EVEN though she's an amputee, Fiona McCormack feels she can accomplish whatever she sets her mind to.
The Grafton Public School teacher had a lower leg amputation in November 2007 but that wasn't about to stop her leading a full and busy life.
She returned to work the following January as a behavioural teacher in Mount Druitt before transferring to the Clarence Valley and working full time.
"It's not enough of a disability not to work," she said. "Yes, I had some accommodations made, for example I do the morning playground duty so I am able to work full time."
Mrs McCormack even made the most of her prosthetic limb and dressed up as a pirate at the recent book character parade at the school. "Most of the children knew I had an artificial leg so they accept it and no one stares."
Mrs McCormack lives on a property near Whiporie and is cultivating a veggie garden. She contacted The Daily Examiner after reading the story of amputee Jeremy Meyer and his struggle in dealing with his loss. Her message is clear, there is light at the end of the tunnel and there is support out there if you need it. Mrs McCormack is a co-ordinator of the Northern Rivers Amputee Association and has been trained to help others. She's helping Mr Meyer and one other person locally and she says her training in education definitely helps her.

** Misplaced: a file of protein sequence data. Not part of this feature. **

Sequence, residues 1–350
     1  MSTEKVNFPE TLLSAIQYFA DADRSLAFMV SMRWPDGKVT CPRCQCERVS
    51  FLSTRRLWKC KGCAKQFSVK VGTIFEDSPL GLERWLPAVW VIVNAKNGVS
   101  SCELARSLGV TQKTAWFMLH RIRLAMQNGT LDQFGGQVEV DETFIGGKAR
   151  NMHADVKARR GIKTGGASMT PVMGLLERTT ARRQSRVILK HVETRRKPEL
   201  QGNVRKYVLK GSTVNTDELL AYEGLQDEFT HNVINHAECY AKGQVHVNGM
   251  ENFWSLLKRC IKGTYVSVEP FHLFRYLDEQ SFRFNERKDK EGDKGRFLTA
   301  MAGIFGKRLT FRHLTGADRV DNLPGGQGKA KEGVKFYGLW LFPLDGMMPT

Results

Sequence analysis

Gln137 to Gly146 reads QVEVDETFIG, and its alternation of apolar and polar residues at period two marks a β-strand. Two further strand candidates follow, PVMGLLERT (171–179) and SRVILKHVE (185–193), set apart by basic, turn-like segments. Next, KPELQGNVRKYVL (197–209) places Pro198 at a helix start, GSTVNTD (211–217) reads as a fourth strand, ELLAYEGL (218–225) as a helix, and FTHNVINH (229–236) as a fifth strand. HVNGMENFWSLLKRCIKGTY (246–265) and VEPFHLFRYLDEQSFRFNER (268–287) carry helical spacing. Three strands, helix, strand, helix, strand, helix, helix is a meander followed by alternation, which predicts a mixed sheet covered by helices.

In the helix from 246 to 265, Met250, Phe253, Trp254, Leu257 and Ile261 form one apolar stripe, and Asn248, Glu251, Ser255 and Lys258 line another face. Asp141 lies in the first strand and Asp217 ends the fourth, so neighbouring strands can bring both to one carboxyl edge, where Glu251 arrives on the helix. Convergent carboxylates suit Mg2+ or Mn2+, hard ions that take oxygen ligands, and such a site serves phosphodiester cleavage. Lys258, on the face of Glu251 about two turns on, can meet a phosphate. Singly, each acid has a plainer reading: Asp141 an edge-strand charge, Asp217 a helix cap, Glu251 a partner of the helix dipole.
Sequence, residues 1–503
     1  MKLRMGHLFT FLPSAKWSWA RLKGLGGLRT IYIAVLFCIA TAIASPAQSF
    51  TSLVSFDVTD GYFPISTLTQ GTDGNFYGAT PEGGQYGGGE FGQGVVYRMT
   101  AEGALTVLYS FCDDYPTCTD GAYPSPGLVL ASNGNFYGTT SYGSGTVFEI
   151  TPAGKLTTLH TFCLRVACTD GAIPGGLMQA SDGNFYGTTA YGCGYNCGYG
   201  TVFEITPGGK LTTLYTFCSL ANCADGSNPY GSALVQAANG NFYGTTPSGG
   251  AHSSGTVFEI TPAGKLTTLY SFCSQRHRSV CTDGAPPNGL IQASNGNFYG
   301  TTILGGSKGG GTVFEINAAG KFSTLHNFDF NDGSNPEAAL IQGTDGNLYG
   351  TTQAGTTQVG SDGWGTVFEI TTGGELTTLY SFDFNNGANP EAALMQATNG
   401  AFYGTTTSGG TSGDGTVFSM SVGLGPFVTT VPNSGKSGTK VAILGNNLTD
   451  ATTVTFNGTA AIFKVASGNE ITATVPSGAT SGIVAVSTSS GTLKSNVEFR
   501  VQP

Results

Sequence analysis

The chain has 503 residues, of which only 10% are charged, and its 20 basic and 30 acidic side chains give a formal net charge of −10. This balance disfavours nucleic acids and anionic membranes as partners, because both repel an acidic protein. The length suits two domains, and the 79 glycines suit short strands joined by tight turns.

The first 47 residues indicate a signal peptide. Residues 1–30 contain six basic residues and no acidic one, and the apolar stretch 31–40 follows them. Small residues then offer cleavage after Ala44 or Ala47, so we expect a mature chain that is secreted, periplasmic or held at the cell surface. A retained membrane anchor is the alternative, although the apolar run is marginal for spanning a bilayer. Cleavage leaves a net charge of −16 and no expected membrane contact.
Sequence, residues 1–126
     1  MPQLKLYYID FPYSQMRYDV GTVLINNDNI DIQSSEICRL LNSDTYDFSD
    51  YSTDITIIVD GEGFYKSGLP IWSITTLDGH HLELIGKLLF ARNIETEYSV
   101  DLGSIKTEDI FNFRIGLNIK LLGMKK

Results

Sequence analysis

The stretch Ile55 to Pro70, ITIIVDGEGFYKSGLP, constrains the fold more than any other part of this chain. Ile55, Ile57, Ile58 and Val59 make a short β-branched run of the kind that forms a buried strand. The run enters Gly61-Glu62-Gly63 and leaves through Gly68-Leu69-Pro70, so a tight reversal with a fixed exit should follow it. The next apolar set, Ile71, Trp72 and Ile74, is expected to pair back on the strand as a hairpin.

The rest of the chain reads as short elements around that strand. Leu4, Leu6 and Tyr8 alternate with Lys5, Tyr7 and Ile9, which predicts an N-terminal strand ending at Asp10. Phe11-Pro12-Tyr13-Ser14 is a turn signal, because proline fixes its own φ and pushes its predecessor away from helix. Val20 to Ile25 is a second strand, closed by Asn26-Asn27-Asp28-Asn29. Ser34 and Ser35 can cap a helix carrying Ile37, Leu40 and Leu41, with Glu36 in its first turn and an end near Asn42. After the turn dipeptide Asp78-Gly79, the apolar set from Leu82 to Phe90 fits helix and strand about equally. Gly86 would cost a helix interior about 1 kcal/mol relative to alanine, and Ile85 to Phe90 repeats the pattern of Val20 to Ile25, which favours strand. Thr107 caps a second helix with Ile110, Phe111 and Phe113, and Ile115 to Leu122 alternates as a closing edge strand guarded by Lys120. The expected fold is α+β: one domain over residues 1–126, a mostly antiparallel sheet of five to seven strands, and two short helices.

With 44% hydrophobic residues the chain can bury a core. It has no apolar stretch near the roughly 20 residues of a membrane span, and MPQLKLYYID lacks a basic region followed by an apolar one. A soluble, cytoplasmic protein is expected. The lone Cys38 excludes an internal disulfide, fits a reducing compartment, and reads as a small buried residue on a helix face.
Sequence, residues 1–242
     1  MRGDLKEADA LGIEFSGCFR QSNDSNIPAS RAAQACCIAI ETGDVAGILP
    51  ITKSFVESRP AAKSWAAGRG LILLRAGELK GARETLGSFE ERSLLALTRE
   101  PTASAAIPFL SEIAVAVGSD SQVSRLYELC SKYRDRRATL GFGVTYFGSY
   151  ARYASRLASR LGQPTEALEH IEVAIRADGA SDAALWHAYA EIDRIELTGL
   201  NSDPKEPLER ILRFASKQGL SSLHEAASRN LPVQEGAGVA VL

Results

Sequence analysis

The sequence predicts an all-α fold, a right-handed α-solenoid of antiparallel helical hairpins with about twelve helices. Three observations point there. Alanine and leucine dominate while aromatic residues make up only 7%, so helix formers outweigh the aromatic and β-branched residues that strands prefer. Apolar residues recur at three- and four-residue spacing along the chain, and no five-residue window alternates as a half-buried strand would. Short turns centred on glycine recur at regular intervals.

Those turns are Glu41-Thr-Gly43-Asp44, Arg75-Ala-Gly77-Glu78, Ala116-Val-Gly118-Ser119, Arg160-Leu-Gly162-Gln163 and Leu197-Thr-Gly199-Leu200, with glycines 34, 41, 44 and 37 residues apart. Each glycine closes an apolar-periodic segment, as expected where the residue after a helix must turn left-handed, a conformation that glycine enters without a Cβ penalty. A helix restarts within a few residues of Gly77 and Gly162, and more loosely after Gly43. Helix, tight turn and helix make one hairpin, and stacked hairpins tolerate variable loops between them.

She said she had a good knowledge of how to deal with phantom pain, which plagues many amputees in the night. "It's about training your limbs and your mind," she said. "I constantly would touch the end of my leg and tell myself, 'this is where my leg ends, this is where my leg ends'. I haven't had trouble with phantom pain since doing that."
JEFF Mitchell is all about filling the gap for amputees once they leave the hospital ward and head back into the real world.
As secretary of the Northern Rivers Combined Amputee Association, he and his wife Julie are based in Lismore and have support people in each of the major regions to service that community.
"The idea is to give people a positive role model to have throughout their rehabilitation process to get on with their lives and show them there is light at the end of the tunnel," he said.
"To show them it's not the end of everything, but the beginning of something."
Mr Mitchell said the association hosted social gatherings in Lismore and hoped to spread them to the Clarence Valley. "We have social get-togethers every two months but in the last 12 months, more people from the Clarence have joined so we want to expand down that way in the next couple of months," he said.
Any amputees seeking support should contact the association on the direct line, 66252254 or the Sydney line, 1800810969.
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